#4 You can conduct Smoke Tests every day, every sprint, every release

That’s all there is to it. And it all depends on how much and how quickly you add ‘new’ features to your product. If you’re working in an Extreme Agile setting with Continuous Integration and DevOps, you can run as many smoke tests as you like.

The frequency with which you can add significant new features to your product is the most important predictor of your smoke testing frequency.

#5 Difference between Sanity Testing and Smoke Testing

They aren’t the same – yeah, they aren’t the same.

Sanity Testing is a distant cousin of Smoke Testing. Sanity Tests, on the other hand, occur slightly later in the product lifecycle and serve primarily as a safety net to ensure that anticipated upgrades and problem fixes have been implemented as planned.

Sanity Tests, as contrast to Smoke Tests, have a considerably narrower scope and occur later in the project or product lifecycle. If you want to learn more, click on the link above to read more about the differences.

#6 Maintain a test case repository

90% of your team is probably engaged on initiatives that add new features to or change an existing product. They, as well as you, can greatly benefit from keeping a test case repository.

This can be as simple as recording test cases as you go and organizing them with regular reviews to ensure a lean but thorough repository exists to pull upon on Agile or Extreme Agile projects.

Test preparing becomes a snap once you’ve done this. Without having to go through the lengthy and hard process of building new test cases from start, you can simply ‘subscribe’ to the relevant test scenarios and test cases under them.

#7 Automate where possible

‘Wherever possible’ is the important phrase.

I’ve already discussed the advantages of effective Case Management. As well as automation. When combined, good Case Management and enough automation can help you complete basic testing up to 50 times faster, saving your team a significant amount of time in the long run.

#8 Use Smoke Tests to decide whether the code is ready for more advanced testing

“You Don’t Have A Cat In Hell’s Chance Of Going Through A Productive Test Cycle If Your Code Fails The Most Basic Of Tests, If The Most Fundamental Journeys Cannot Be Completed Easily.”

Before putting your code in front of testers, smoke tests can assist you perform a rapid sense check of its quality.

If your code fails even the most basic tests, if even the most basic journeys are difficult to complete, you don’t stand a hope in hell of getting through a Productive test cycle. As a result, use short Smoke Tests to see if your code is ready to move on to the next level.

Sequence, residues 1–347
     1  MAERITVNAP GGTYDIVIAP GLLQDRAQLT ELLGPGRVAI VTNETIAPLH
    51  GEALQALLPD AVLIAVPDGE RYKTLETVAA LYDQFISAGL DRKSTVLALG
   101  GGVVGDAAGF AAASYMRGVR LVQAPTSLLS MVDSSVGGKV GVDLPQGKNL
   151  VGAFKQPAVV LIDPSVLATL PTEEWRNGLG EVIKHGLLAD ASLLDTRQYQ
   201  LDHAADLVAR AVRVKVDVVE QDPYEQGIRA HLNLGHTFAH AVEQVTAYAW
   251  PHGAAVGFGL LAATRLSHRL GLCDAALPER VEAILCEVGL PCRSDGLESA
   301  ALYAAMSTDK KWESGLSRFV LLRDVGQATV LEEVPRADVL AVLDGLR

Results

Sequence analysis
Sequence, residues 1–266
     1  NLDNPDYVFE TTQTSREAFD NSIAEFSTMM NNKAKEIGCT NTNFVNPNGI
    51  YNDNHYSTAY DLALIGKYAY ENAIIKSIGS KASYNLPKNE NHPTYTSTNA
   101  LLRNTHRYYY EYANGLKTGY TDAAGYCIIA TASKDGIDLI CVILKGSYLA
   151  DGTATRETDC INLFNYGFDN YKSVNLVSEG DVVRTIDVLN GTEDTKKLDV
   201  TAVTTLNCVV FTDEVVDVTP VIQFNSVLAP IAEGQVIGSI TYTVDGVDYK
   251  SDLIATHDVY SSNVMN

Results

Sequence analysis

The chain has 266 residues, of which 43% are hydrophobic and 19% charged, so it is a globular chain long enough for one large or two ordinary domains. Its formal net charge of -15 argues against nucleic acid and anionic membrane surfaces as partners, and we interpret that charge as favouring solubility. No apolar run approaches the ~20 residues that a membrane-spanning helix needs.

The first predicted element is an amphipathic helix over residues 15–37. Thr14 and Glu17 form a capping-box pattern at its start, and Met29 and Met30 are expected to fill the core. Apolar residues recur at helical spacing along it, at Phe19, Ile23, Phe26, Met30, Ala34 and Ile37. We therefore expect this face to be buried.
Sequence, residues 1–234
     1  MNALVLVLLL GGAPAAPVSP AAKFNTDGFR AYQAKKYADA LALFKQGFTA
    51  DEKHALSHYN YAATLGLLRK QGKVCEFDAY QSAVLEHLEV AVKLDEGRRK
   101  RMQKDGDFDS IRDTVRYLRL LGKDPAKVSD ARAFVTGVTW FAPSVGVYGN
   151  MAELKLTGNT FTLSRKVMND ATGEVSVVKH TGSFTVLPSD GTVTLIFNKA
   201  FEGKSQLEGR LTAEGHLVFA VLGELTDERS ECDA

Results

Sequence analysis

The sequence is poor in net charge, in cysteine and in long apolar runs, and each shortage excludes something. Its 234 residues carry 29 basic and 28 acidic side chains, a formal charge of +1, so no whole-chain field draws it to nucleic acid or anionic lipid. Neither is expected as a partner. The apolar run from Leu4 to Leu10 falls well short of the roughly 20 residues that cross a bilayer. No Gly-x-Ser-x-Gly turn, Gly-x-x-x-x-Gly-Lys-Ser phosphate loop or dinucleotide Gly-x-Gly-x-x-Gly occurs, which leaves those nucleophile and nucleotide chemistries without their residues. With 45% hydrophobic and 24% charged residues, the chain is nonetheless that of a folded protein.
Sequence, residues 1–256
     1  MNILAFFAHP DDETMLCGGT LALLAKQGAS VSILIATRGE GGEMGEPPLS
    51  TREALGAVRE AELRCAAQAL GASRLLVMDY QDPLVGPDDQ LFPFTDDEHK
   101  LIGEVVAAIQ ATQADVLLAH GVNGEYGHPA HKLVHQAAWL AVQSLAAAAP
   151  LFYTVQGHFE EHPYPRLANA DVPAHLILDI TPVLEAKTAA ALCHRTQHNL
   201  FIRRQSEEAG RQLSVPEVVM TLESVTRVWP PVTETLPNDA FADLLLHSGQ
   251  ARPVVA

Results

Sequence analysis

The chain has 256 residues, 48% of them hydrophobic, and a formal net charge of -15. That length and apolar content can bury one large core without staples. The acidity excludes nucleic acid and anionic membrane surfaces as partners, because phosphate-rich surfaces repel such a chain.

#9 Use Smoke tests to test the most basic but critical functionality

This has already been discussed. It is still worth repeating.

Smoke Tests allow you to ensure that the most basic but crucial functionality is working before moving forward – whether that means developing more code or passing the project to testers for in-depth testing.

Traditional, exploratory, and other tests can be used for more complete tests.

#10 Traditional testing is necessary to deliver a finished (and polished) product to customers

Smoke tests don’t take into account a product’s finer points. If you want to make a system practically bug-free, smoke tests aren’t the only way to go.

Traditional test cycles aid in the detection of most bugs, primarily through scientific testing of the code. They offer unrivalled breadth and depth, and can aid in the detection of some of the most difficult-to-find issues in production, such as those that appear inconveniently (and surprisingly easily) during user use.

#11 Anyone can perform smoke testing

That’s what makes Smoke Tests so appealing. It’s something that everybody can do. Smoke Tests require very little planning and execution effort, but they can deliver a surprising number of benefits in terms of speeding up effective problem fixes.

“You Are Performing Smoke Testing in Many Cases – You Just Don’t Call It That.”

Before releasing a build iteration for testing, a developer can perform smoke testing. You can catch the most frustrating but easy-to-fix errors by testing the most crucial functionalities before sending the code to the testing team. This allows testers to focus their abilities on catching the more difficult bugs.

When your company uses Continuous Integration and DevOps, Smoke Tests come in handy. In many circumstances, you are performing Smoke Testing; you just don’t call it that.

It’s now your turn

Smoke tests are a simple, basic, and very effective way to accelerate your bug-fixing efforts. Smoke tests can be used in software projects by developers and others, and they can drastically enhance code quality.

Smoke Tests should be considered a typical part of any software testing procedure. It will benefit your team more than not having it.

In the comments box below, provide your thoughts on smoke testing and provide some examples of smoke tests.

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Also Read: https://www.guru99.com/software-testing.html